The trees are just beginning to change colour at Truckle Hill and it is the perfect setting for an excavation. This year nearly 40 volunteers have signed up to help investigate a Roman bath-house near the site of a villa discovered in the 19th century, close to the Wiltshire village of North Wraxall.

Work began here last year when English Heritage, Wiltshire County Council and Wessex Archaeology funded a community excavation to find out as much as possible about the building and to conserve it for the future.

Although we will only be here for a fortnight this time, most of last year's volunteers and many new ones have signed up to help.  I visited the site at the end of the first week, on a lovely, autumn day, to find eight volunteers hard at work.

The first trench has been cut at right angles to the outside wall at the rear of the building, to locate the flue which would have fed hot air into the caldarium (hot room). After digging through quantities of sand, a small square was visible in the wall. Too small to be the flue, it looks at the moment like a putlog - a hole for securing scaffolding.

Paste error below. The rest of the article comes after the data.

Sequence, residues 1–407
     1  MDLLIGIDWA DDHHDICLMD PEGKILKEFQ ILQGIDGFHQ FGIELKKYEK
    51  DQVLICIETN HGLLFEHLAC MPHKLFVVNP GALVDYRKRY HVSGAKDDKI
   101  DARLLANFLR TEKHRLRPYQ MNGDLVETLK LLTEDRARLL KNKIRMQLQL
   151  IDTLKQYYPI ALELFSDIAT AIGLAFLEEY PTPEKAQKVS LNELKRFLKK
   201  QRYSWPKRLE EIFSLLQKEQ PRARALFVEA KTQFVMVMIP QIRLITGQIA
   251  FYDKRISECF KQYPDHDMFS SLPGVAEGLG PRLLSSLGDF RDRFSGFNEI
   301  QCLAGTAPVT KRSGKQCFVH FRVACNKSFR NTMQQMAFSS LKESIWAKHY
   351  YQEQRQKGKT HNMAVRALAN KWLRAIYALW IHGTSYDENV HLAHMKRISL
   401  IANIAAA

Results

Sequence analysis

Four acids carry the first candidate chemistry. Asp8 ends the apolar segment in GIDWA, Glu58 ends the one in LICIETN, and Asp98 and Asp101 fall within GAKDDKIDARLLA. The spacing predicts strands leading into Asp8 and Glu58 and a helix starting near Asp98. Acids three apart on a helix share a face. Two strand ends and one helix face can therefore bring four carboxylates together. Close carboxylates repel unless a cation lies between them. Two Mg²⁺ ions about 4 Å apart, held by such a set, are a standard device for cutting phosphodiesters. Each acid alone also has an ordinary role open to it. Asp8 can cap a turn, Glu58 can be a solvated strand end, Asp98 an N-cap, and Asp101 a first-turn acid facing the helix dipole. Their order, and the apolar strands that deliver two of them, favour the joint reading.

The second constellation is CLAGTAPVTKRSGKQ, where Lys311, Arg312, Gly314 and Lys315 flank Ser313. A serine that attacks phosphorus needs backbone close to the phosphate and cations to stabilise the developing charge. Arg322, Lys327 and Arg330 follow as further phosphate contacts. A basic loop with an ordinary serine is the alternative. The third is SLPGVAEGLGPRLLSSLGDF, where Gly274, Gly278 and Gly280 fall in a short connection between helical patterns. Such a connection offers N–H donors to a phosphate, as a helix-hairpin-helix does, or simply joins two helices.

Inside the caldarium the curved wall was being exposed along with the base of an arch which once spanned that end of the room. One tessera gave a clue as to the floor surface, a suggestion borne out by finds from a trench further down the slope. Here, amongst the rubble of the fallen building were more tesserae and intriguing fragments of painted wall plaster.

Some 100m away from the bath-house, also on the side of the valley, is an area of raised ground. It wasn't clear from an earlier geophysical survey whether this was a pile of rubble or something more interesting. Excavation has uncovered what looks like a collapsed wall here, but whether it's part of a boundary, a building or perhaps a water cistern we have yet to find out.

 Find out more about the Roman bath house at Truckle Hill.